Backpacking the Sierras continues as a favorite pursuit, this year marked by water – and mosquitos
Editor’s note: Jym Clendenin, a long-time Menlo Park resident and occasional contributor to InMenlo, recently spent a week with six others backpacking in the Sierra Nevadas. His report follows, part of our continuing coverage of how people spent their summer vacation. If you had an interesting adventure, let us know: tips[a]inmenlo.com.
We started our adventure at a diversion dam on Bear Creek a few miles south of Lake Edison. Lake Edison is about 70 miles as the crow flies northeast of Fresno at approximately 7600’.
Our group included two seniors each well past the three-quarter century mark as well two men and three women barely beyond 50 years each — all experienced backpackers. Pictured (top) they are: Steve St. Lorant, Martha Berndt, Misha St. Lorant, Nadine Krefetz, Esther Berndt, Axel Brachmann and Jym Clendenin.
As we started hiking north on the Bear Creek trail, two things were immediately clear: 1) There was still a lot of snow melt from the winter’s heavy snowfall — Bear Creek was roaring; and 2) Abundant water resulted in a proliferation of mosquitoes.
The second day, now hiking southeast on the Pacific Crest Trail, we crossed Bear Creek and then camped at Lou Beverly Lake. Our two fishermen were disappointed to find the lake had lots of fish but all too small to eat.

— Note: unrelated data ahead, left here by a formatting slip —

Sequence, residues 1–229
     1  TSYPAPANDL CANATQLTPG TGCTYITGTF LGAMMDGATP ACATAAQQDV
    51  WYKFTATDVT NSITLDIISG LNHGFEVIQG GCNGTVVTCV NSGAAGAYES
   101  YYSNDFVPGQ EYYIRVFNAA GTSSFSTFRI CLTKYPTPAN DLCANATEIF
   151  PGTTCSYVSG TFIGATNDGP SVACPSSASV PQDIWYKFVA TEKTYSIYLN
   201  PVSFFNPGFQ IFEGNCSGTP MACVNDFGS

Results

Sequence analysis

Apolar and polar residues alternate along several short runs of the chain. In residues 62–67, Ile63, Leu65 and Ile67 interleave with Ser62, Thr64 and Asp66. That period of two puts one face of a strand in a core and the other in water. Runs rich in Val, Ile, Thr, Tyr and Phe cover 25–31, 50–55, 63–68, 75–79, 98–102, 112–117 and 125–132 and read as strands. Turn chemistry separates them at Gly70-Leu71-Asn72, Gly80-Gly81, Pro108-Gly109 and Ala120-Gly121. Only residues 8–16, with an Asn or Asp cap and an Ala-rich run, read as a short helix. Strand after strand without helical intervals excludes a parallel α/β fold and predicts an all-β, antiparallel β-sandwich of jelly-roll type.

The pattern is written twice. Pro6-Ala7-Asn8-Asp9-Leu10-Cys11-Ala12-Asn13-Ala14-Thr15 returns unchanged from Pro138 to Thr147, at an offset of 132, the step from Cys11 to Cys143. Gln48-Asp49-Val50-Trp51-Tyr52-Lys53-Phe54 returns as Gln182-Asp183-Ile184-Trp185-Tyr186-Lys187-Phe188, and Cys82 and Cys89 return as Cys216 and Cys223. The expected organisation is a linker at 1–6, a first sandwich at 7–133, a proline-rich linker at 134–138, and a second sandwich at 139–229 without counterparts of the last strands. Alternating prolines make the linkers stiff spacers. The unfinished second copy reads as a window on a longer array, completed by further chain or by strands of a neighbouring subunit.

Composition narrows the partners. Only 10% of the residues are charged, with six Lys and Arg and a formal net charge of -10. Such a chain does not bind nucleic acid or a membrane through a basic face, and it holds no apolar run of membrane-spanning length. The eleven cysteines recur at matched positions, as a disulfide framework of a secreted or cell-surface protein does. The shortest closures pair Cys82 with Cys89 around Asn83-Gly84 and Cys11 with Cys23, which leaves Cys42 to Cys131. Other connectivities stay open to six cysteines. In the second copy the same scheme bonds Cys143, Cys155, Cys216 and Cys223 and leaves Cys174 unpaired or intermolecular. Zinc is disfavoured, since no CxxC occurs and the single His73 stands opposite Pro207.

So we divided into a dedicated fishing group that moved on to Rose Lake where larger fish were found, and four intrepid hikers headed up the East Fork of Upper Bear Creek, following a rough, unmaintained trail. Yours truly struggled to keep up with youth as we waded across creeks, fought our way through willows, rock-hopped on occasion, and hugged granite cliffs. With heavy breathing, we rapidly ascended to about 11,000’— granite country well above the tree line.
We were rewarded by stunning vistas of Bear Basin. It was a warm, sunny day. After a pleasant lunch we descended through snow fields past Vee Lake, which was nearly covered with floating ice, back to our base camp at an unnamed lake (about 10,500’).
That evening we experienced a pretty severe and very sudden hail storm with thunder as close as three seconds to the lightening. Two days later we were back at the trail head, no one seriously injured, but each of us suffering from muscle fatigue and numerous mosquito bites.
Photos by Axel Brachmann (c) 2017